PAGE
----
Why did Hong Kong teen Cherry Fung take up archery? An archer’s bow and arrow look really cool

Why did Hong Kong teen Cherry Fung take up archery? An archer’s bow and arrow look really cool

The 17-year-old captain of the Good Hope School team also reveals how her approach to the sport has changed from when she was just a clueless rookie


Cherry Fung was crowned champion in the Girls' Grade A event at the BOCHK Archery Cup.
Photo: Kelly Ho/SCMP

Cherry Fung Pui-wing said she was a clueless rookie on her school’s archery team four years ago. It didn’t matter much to her if she missed the bull’s-eye a few times, because she knew there was always someone more experienced to cover for her. 

It is all different, however, now that Cherry is the team captain. There is no one else to turn to but herself, and she’s determined to set an example for her teammates to make every arrow count. 

The 17-year-old was crowned champion in the Girls’ Grade A event at the BOCHK Archery Cup on May 16. It was a close victory for Cherry, as she scored a total of 530 points – a mere three points more than the silver medallist Clara Chu Ho-lam of Hong Kong True Light College. 

The Good Hope School student had hoped to lead her school to a breakthrough by taking third place in the overall Girls’ ranking, but unfortunately the younger archers on her team did not perform as well in Grade C, so the school only managed to retain their fourth-place finish. 

The 17-year-old joined the archery team simply because she thought the sport looked cool.
Photo: Kelly Ho/SCMP

Cherry told Young Post that she had not expected to win, given she only finished in ninth place in Grade B last year. She thinks her unexpected victory has something to do with her change in attitude that resulted from her taking up the role of captain.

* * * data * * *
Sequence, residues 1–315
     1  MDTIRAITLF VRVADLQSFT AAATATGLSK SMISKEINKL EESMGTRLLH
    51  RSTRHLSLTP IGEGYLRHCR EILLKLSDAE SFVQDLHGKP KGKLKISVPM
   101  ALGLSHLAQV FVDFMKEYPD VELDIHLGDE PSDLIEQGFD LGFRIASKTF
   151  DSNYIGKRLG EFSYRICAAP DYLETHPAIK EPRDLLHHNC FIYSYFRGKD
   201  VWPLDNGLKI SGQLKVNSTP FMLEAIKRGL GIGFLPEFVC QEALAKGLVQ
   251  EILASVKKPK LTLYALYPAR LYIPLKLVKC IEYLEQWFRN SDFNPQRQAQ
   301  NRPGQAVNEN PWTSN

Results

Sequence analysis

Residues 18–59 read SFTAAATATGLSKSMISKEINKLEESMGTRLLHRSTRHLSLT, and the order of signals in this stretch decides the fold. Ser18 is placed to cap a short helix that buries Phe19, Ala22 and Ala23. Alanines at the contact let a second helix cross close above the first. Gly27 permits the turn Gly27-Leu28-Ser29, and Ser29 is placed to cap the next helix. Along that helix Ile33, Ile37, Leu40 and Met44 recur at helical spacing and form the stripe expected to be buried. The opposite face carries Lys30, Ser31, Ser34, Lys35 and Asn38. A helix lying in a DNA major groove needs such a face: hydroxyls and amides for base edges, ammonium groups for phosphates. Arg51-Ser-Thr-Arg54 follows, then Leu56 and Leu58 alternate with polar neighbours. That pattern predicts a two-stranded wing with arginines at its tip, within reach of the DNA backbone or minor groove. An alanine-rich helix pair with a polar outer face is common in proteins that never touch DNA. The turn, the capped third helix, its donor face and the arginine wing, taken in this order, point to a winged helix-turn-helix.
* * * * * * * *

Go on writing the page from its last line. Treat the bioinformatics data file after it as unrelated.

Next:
The Form Four student explains that, while every team can send up to five representatives in each grade, only the results of the top three archers count towards the overall ranking. Before becoming captain, she would let herself off the hook when she underperformed, thinking that the team could use someone else’s result.

But she soon realised this mentality would cost her team a title. “The competition result often comes down to two to three points only. As the team captain, I try to remind my team that everyone’s effort matters,” she said. When Cherry first joined the school team in Form One, her reason was simple – with the bow, the arrows, the chest guard, the quiver and other gear involved, archery seemed cool.

And along with the sense of accomplishment you get from hitting the bull’s-eye, it’s understandable why she became attached to the sport. Four years into archery, Cherry is still finding new reasons to love the sport. “Archery is great way to de-stress. Even though I’m very tired after my training, I feel like some weight has been taken off my shoulders. My training time provides a great escape from my hectic school life,” she said. 

She added that when she pulls and releases the arrow, it’s as if she is letting of all of her stress go. Shooting accurately is generally regarded as the most difficult part of archery, but you shouldn’t underestimate the physical strength needed in the sport, even if it doesn’t require vigorous movements. When Cherry shoots an arrow, she said the draw weight – the amount of force needed to pull the bow – is around 15kg. 

After the interschool cup, Cherry was able to unwind a little and spend more time tackling her end of year examinations. After her school finals though, she will need to go full steam ahead with her training to fulfil her goal of making the Hong Kong representative list before she graduates from secondary school. She must improve her performance in selection trials to be promoted  to the city’s first youth team.

The Good Hope captain also hopes her team can win more individual awards next year, which will help the school secure a higher overall ranking and break the chain of being off the podium. 

“We’ve been in fourth place for three years now. The sport may seem individual, but if all the Good Hope archers can push a little harder [as a team], maybe we can make a breakthrough next year,” she said. 

Edited by Nicole Moraleda

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This article appeared in the Young Post print edition as
Adjusting your focus


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